Notes to Just organ:
JUST ORGAN TONES is a tour through the explorations of the organ made by Bent Sørensen after finishing his organ education at Vejby Church in 2007, with the most recent entry being dated 2014. The opening piece is an improvisation based on Pérotin’s Deux points d’orgue en triple. Pérotin was organist at Notre Dame de Paris and lived from about 1180 to 1236. The classical medium-sized organ (22 registers) in Romanswiller used for the improvisation has been digitised tone by tone, i.e. each key of each register separately. In this way, a very realistic representation of this 19th century organ is obtained, including the small irregularities always present. Most computer-sampled musical instruments just use one tone per octave and then interpolates to get the rest. The reason is the large amount of work involved, where the spectrum of each tone must be analysed for regular zero-crossings in order to have a middle section (between note attack and fade-out) that can be repeated as required for a particular duration of the note.
The second piece is a tribute to the French composer Francis Poulenc (1899-1963), who continued the elegance of Saint-Saëns and the impressionists. His organ concerto (1938) is by many considered his most serious work, written for the funeral of a friend. In the tribute, small bits of tone patterns from the concerto are cropping up during the improvisatory development.
The third piece is a dreamy fantasy played on the 24 register, three keyboards plus pedal organ at Vejby Church. This organ is quite atypical for organs in Northern Europe, by having three sets of pipes en chamade, sticking out above the players head (see photo). These pipes emits sounds as trumpets, ranket and vox humana. The two latter, funny voices are heard just after the opening theme. Also played on this organ is the following, jazzy version of a Bach psalm. The monotony of Bach’s music (most notes have exactly the same duration) has been made more spicy by adding syncopation, an idea used by many interpreters.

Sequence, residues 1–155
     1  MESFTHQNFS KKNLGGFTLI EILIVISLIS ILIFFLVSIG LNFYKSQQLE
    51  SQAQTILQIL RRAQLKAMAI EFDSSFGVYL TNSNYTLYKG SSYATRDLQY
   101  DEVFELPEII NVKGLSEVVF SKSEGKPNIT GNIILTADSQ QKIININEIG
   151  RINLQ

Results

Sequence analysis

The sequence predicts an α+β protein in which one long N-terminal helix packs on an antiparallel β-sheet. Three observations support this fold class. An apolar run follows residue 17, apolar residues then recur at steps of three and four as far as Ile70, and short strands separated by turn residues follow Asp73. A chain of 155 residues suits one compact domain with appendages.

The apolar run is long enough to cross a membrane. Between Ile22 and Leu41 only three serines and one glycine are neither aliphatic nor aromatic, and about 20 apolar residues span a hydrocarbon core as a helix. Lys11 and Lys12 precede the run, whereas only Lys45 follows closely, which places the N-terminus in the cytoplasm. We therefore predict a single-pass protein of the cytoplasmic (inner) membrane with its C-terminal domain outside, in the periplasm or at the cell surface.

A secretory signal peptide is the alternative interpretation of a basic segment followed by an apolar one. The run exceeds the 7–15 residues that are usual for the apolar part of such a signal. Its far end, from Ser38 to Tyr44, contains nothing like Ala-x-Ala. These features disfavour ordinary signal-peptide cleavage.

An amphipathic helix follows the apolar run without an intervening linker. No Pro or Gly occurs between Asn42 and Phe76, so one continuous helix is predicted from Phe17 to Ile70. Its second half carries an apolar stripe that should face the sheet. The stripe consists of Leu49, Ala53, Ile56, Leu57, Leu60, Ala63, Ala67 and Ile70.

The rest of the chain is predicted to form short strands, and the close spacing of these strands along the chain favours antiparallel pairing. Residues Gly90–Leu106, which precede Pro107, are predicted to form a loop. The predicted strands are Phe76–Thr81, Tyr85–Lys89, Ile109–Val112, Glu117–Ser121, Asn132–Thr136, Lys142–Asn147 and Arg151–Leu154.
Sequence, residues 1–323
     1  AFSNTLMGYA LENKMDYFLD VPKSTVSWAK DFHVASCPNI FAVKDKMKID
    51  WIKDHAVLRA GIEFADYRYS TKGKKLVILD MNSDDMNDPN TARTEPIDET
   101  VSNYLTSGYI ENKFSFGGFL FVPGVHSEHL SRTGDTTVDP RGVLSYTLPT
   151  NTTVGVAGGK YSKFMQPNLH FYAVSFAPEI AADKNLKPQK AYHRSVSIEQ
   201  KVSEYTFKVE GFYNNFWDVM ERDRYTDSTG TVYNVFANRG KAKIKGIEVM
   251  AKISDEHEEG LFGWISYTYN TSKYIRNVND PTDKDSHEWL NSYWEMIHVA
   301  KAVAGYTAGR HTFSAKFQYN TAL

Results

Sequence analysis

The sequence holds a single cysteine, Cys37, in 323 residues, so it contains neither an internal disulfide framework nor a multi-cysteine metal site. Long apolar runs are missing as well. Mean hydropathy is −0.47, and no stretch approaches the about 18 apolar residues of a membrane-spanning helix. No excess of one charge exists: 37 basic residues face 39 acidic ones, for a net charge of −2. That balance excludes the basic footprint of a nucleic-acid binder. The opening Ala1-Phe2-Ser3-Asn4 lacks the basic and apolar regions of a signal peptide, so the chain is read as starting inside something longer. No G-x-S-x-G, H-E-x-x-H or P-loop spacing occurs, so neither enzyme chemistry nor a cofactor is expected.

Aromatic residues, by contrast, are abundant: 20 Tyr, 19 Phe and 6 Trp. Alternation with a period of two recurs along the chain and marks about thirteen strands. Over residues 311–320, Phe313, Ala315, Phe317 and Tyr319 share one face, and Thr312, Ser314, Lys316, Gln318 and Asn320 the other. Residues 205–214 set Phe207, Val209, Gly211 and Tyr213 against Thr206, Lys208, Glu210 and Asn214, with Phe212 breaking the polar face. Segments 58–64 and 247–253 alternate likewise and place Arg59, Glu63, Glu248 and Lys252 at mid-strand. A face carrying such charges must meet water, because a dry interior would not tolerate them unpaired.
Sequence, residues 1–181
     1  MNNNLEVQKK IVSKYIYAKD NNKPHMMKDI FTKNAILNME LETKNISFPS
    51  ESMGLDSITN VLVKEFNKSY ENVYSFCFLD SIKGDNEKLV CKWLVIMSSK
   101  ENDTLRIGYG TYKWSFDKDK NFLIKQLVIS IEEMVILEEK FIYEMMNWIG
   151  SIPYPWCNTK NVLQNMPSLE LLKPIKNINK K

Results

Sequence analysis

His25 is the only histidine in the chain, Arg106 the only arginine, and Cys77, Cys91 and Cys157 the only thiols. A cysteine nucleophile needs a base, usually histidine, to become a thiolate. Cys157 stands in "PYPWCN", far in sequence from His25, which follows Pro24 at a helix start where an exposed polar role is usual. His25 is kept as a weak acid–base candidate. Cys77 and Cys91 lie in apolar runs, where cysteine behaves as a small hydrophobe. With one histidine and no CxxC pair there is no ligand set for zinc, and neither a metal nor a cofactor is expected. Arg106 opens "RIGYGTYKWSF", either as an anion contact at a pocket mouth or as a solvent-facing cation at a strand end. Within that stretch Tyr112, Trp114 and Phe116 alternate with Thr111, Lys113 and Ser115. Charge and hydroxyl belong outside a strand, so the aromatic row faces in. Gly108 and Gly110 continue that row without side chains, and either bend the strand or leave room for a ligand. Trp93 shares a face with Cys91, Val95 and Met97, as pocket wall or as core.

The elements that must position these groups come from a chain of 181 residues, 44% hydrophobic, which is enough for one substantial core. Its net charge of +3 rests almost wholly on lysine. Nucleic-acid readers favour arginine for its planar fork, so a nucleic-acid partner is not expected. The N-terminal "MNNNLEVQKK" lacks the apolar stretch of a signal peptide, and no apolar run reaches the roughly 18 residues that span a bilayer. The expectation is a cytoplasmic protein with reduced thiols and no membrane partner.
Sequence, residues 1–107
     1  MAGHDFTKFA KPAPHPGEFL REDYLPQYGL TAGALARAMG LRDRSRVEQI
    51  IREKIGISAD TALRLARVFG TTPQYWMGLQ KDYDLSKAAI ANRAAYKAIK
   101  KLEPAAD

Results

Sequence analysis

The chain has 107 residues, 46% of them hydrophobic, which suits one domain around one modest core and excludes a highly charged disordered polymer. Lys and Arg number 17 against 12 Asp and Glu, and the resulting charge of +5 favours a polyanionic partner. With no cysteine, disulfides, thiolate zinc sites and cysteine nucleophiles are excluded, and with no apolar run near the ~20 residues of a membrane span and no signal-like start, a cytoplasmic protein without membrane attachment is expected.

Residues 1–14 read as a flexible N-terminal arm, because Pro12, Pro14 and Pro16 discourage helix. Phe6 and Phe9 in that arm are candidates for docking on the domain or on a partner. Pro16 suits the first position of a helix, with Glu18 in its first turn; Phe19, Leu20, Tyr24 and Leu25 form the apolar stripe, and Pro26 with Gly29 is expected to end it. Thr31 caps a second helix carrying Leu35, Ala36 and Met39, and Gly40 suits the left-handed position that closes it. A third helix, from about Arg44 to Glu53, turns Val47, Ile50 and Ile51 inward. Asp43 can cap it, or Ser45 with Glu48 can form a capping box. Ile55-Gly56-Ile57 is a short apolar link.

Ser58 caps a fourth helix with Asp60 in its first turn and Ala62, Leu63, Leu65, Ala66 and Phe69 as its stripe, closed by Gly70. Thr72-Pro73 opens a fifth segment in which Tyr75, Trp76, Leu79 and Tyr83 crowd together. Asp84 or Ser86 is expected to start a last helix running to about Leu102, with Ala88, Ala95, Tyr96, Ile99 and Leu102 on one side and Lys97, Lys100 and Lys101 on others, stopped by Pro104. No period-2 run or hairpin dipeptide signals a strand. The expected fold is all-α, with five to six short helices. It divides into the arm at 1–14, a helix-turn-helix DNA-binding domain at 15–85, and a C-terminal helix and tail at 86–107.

The three next pieces are played on the classical Frobenius organ at Søborg Church, also with 24 registers but only two manuals. Two of the pieces are improvisations over works of Louis Marchand (1669-1732), at his time celebrated as a star organ improviser. The first uses a sketch (played verbatim at the beginning) found among Marchand’s unpublished cembalo work at Versailles. To me it looks like the kind of memo an improviser would use to remember some key figures to include, so this is how I use it. The second piece has been reused unaltered by Carl Nielsen in his song I know the nest of a lark (written soon after the Marchand organ works around 1900 had been published by Guilmant).
After a short, meditative piece played using the sampled Romanswiller organ, the CD concludes with a bird song. In fact literally so, as sampled bird voices are used to create the melody, with marimba accompaniment. But then the organ takes over and imitates the bird’s way of singing, adding increasingly a regular beat and rhythmic drive.